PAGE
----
The drinking water in Hamilton, Ohio, has taken home top tap honors three times in the last 10 years for its tasteless, clean and pure qualities.
The city of 62,000 won first place for best in the country at the Berkeley Springs International Water Tasting competition in 2009. Judges for the largest water-tasting competition in the world also dubbed Hamilton's water the best in the world in 2010 and 2015.
City officials have attributed the accolades for their municipal water to using chlorine dioxide as a disinfectant going back to 1972.
The powerful chemical compound improves the taste, smell and color of water, and renders inactive pathogen agents like viruses, bacteria and protozoa, according to the U.S. Environmental Protection Agency.
However, chlorine dioxide has also made the high density polyethylene pipes in the water distribution system brittle just 20 years into what city officials expected to be an 80-year service life. Some 21 miles of HDPE pipe that have been cracking and "catastrophically failing" will be replaced at a cost of about $3.5 million in spring 2020.
"We started to see premature aging and failures in HDPE service lines around 2005 and started to see failure in water mains around 2007. I believe we informed the manufacture of this issue around 2007," John Bui told Plastics News in an email.
Bui thinks there was a period where the effect of chlorine dioxide on HDPE pipes wasn't known or publicized, and now some communities that installed them 20-30 years ago are facing failures.
"At least it wasn't known to us in the early 90's, otherwise we wouldn't have used HDPE pipes in our distribution system to save money," Bui said.
The first comprehensive report on the potential failure of PE pipes in disinfected potable water systems was issued in 2010, according to the Irving, Texas-based Plastics Pipe Institute Inc.
PPI partnered with Aurora, Ontario-based Jana Laboratories Inc. and several U.S. water utilities to look at the impact of potable water disinfectants of PE pipe.
One Jana finding indicated that there are some 52,000 water systems in the United States, and less than 200, or about 0.4 percent, use chlorine dioxide as a secondary disinfectant.
"The disinfectant ... used most often in North America is chlorine," the report says. "The other primary disinfectants commonly used include chloramines and, to a much lower extent ... chlorine dioxide. Chlorinated water, even at low levels, results in a significantly increased oxidative potential of the water."
Oxidation is a process in which a chemical substance changes because of the addition of oxygen.
Oxidation affects most piping materials to some extent, according to Camille Rubeiz, PPI's senior director of engineering for the municipal and industrial division. For example, oxidation causes metal piping systems to corrode and tuberculate, he said.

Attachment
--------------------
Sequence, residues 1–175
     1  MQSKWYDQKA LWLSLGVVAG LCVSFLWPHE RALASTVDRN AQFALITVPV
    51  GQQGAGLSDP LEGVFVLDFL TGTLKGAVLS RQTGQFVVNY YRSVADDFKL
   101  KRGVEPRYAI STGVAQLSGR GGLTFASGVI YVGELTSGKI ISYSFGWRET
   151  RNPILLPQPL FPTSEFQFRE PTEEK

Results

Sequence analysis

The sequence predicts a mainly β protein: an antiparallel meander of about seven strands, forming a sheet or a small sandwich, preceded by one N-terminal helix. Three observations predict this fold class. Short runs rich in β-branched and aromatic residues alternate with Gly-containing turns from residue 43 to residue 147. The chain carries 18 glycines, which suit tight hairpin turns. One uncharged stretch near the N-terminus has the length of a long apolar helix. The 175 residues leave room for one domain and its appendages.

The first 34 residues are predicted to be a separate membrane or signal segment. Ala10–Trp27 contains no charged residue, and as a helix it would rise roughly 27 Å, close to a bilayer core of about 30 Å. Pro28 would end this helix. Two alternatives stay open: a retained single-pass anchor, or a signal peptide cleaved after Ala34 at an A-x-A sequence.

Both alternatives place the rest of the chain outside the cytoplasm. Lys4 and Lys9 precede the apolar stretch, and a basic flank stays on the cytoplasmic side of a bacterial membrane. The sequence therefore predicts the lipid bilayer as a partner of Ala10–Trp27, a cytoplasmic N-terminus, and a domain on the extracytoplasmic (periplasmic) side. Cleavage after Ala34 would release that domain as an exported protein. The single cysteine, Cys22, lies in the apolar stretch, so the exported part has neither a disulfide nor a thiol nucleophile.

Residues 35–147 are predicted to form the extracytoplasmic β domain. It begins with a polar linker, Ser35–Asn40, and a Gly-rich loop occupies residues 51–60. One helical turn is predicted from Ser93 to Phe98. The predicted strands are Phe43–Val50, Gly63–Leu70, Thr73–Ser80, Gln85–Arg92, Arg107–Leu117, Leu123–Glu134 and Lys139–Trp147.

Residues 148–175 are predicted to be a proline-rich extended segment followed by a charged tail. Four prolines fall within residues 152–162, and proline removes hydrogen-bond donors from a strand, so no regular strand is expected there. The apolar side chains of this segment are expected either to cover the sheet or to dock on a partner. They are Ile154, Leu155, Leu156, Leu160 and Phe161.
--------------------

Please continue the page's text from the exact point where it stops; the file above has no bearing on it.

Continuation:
In Hamilton, the pipe failures appear to be "atypical" of HDPE pipe performance in water distribution applications, Rubeiz told Plastics News in an email.
"The concentration of chlorine dioxide [a maximum of 0.53 ppm] in Hamilton's water system appears to be significantly more aggressive than in other systems that use chlorine dioxide as a secondary disinfectant [typically less than 0.15 ppm]," Rubeiz said. "Thus, older HDPE materials that are installed in Hamilton's system have had a shorter life than the predicted service life of currently available HDPE piping materials."
Modern HDPE pipes have benefited from advances in resin design, industry research and testing to evaluate compound resistance to oxidative attack, Rubeiz said, adding that these advances "ensure that the service life of HDPE in the vast majority of disinfected water distribution systems will now exceed 100 years."
Although chlorine dioxide is making the HDPE pipes brittle in Hamilton, Bui said it isn't harmful to the people who drink it and it offers several benefits.
"Chlorine dioxide doesn't cause taste and odor like other disinfectants, such as gas chlorine, sodium hypochlorite, or chloramines," Bui said. "It prevents biofilm from forming in the distribution system, and most importantly it prevents the formation of trihalomethanes and haloacetic acids, which are considered carcinogenic."
Bui doesn't find fault with anyone or any group for Hamilton being in the position of needing to replace its HDPE pipes next year.
"We should have done more research before we decided to use HDPE pipes in our distribution system," Bui said. "I can't say whether the Water Production division was involved in the decision-making in using HDPE pipes. Once we realized, the problem we stopped using HDPE pipes. We are now using ductile iron pipes and copper pipes with brass fittings for service lines."